Monday, September 27, 2021

dodging a bullet

In every flight check-in line, there is that guy in front of you who holds up the rest of the line for what appears to be the world’s most difficult ticketing problem.

Today, I was That Guy.

I thought yesterday that I had successfully reconnoitered all of the possible land mines that could blow my circumnavigation truck off the road this afternoon (sneaking out of the country). I was wrong. And I was not surprised.

There are probably no rational reasons why anyone would spend two days on an airplane landing in three different cities and not setting foot outside of an airport. I label this mission as idiosyncratic.

I felt sorry for the engaging young Japanese Airlines clerk who unwittingly drew the short straw when she asked me: “May I help you?” I told her what I was doing. That I was flying to Narita airport where I would catch a connecting Emirates flight to Dubai on the same day. I would not be going through Immigration or Customs. I was just transiting.

That obviously made no sense to her because she asked me for the results of my covid test, proof of health insurance, and the reservation number of the hotel where I was quarantining -- things I would need to enter Japan. I reminded her I was flying to Japan, but I was not entering Japan. A construct that would make far more sense in a transcendentalism seminar or a court decision (if there is any appreciable difference between the two) than in a pedestrian ticketing discussion. She asked for help from Agent Two, who walked her through the required computer entries.

About a month ago, a JAL agent told me on the telephone he would enter information showing my connecting flight, but he warned me JAL could not give me a boarding pass in Los Angeles. I would still need to do that in Tokyo. He was true to his word. The note was there.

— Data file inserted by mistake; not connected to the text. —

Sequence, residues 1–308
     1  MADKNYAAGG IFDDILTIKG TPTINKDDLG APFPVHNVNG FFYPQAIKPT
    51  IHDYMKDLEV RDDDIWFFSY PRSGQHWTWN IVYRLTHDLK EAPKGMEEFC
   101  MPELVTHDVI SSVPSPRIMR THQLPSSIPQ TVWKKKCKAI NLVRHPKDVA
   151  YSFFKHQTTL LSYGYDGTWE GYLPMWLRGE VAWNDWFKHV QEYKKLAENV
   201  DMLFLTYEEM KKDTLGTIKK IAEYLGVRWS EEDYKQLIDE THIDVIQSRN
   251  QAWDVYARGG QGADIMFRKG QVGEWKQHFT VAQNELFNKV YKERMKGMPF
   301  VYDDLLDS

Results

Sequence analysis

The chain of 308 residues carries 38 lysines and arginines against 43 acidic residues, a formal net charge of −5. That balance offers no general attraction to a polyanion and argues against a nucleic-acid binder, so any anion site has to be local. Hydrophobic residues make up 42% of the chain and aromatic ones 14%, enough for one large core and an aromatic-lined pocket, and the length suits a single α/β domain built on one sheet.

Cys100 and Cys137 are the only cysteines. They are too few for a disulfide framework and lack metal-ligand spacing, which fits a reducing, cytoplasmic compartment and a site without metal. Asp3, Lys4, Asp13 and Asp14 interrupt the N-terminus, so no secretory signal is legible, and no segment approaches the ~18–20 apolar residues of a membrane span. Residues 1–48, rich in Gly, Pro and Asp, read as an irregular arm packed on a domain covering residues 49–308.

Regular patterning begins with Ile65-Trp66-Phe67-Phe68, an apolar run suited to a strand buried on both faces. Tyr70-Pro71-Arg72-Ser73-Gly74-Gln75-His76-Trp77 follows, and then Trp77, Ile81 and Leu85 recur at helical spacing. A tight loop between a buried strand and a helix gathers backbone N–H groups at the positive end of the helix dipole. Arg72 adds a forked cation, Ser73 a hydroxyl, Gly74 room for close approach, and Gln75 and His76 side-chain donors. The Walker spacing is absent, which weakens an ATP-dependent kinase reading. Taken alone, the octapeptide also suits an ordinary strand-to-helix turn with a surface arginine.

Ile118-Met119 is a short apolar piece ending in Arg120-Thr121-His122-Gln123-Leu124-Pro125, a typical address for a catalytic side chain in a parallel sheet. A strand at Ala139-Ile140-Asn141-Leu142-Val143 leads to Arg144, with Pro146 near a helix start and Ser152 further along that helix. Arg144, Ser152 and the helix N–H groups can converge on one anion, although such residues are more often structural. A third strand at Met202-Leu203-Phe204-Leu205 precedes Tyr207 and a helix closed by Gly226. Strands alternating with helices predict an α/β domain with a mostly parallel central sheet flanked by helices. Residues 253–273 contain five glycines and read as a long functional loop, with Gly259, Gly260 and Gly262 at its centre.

I am glad he did what he did. Without it, I am certain it would have been “Game Over” at the outset.

The team at the computer had now grown to three agents and a supervisor. None of them had ever faced a similar booking problem. Fortunately, for each of their requests, I had an appropriate document in response.

I thought I was minutes away from receiving my boarding pass, when the supervisor came up with a fascinating scenario. I immediately recognized it, and I was a bit chagrined that I had not thought of it myself. She was concerned that I was using a foreign carrier to leave the United States and then returning to The States on another foreign carrier (essentially on the same day) without first stopping at an American airport.

It was the dreaded Jones Act. A piece of protectionist hoohaw that causes free-trade sceptics like  Donald Trump, Bernie Sanders, and Joe Biden to join hands and sing kumbaya. I think of it being an impediment in cruise ship itineraries. But she knew better. It appears its nonsensical restrictions apply to air carriers, as well.

So, off she went for about fifteen minutes to discuss her hypothetical with an Emirates representative (because Emirates could pull the rug out from underneath me in either Tokyo or Dubai) and with an immigration officer (because he works for the agency that could enforce a violation – most likely, against the airlines for allowing such tomfoolery.).

When she returned with a glum look, I was positive the jig was up and the piper was about to be paid (and any other string of related clichés)
. In her absence I had tentatively booked an afternoon flight to Redmond. But I cancelled it. She said there was no problem.

About 20 minutes later, I had my boarding pass and headed through security.

I did not feel too bad being That Guy during the ticketing process because I held up exactly zero people -- even with four people helping me. The delta variant and Japan’s closure to foreigners (as if Japan had reverted to the days prior to Commodore Perry) make this flight looks as if it is made up of the survivors of the German Christian Democrats in Sunday’s election. There is one guy in first class. And only two of us in my section of business class. In total, there are only 54 passengers on a Boeing 777.

It was fortunate that I was not flying Westjet today. (Or, any day, for that matter.) I do not know why, but a line of Westjet passengers snaked out of the terminal and down the sidewalk. I would estimate that there were at least 200 very unhappy people just waiting to share a slice of nasty with anyone who got in their way. I would not have wanted to be That Guy with That Mob.

So, I am on my way to Tokyo, Days will get a little strange because we are about to cross the international dateline. But if I get the internet to work, I will post this essay while I am in the air.

The details of this segment my flight may wait until I get to Tokyo. Assuming I will have any internet time there once I track down how I am going to get a boarding pass.

We soldier on.

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